Housing and furthermore adequate housing is fundamental to human dignity and – and thus is recognized in UN and international human rights law and charters a basic human right. Yet in East Jerusalem alone around 60,000 Palestinians live under the threat of home demolition by the Israeli authority, with 1,600 demolition orders pending. It is almost impossible under the current legal situation to obtain a building permit in East Jerusalem.
In 1969 following the occupation of the west bank and the annexation of East Jerusalem and the surrounding Palestinian villages to it, Israel confiscated over more than a third of the annexed lands, which were privately owned by Palestinians, and designated them either as new neighborhoods for the Jewish population, or as “green areas”, meaning a no building zone. No new neighborhoods for the Palestinian residents of the city were established since then.
For many years, no new plans and building schemes were put in place for the Arab neighborhoods in the city, leading to a situation where building permits could not be obtained, yet, the population grew and with it the need for more housing units.
In some areas though, plans were put in place allowing for legalizing already esisting buildings, and allowing for further housing units, which soon got inhabited and the plans were outdated again, given they did not take into consideration the growing needs of the population.
According to human rights ORGANISATIONS data numbers of B’tselem and the Israeli Committee again House Demolitions (ICAHD) from 2004 to 2009 almost 500 houses in East Jerusalem were destroyed by the Israeli authorities.
In East Jerusalem most of the demolition orders were issued because of so called “illegal” constructions, what means that the building was constructed without a permit by the Israeli authorities.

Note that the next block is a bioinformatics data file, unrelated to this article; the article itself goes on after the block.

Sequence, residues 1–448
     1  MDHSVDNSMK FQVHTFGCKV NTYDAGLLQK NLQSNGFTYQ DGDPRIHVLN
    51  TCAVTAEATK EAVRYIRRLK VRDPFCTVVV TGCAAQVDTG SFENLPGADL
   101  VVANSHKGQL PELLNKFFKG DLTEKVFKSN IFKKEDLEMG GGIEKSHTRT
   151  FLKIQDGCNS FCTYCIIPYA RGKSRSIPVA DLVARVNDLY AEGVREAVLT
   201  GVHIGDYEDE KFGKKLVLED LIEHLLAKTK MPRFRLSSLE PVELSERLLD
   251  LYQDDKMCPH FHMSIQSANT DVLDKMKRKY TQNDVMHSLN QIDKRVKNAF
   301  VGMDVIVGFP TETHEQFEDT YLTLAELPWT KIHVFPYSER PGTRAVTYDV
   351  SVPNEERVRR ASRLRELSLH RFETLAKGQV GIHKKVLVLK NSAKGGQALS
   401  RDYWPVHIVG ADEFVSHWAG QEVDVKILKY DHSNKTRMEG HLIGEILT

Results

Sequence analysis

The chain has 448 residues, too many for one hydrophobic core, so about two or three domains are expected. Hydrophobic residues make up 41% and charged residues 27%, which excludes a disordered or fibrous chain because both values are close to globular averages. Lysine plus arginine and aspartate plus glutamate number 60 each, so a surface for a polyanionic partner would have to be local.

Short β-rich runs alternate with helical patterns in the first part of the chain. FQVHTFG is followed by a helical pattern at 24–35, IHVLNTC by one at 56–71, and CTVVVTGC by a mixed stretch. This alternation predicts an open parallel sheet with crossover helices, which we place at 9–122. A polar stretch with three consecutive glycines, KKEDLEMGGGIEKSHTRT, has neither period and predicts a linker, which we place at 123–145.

But building permits for Palestinians living in Jerusalem are nearly impossible to obtain. Permits are needed in order to build on one’s land or in order to add a floor or extension to an already existing home. Statistically only five percent of all permit requests by Palestinians are approved by the aothorities and the average time period for approval is 5-10 years. This, when compared with the fact that building permits for settlers are approved at a rate of 90-100 percent, reflect the severity of the situation. Additionally financial hurdles are put in place; permits typically cost around 30,000 US dollars (mostly administrative fees). This amount must be put in perspective; salaries are low and almost 70% of the Palestinian population in East Jerusalem lives below the poverty line.
The only solution for Palestinians has therefore been to build illegally on land which they legally own, in order to accommodate their growing residential needs. The demand of housing units is more than urgent: The Palestinian population in East Jerusalem grew from 60,000 in 1967 to around 200,000 nowadays.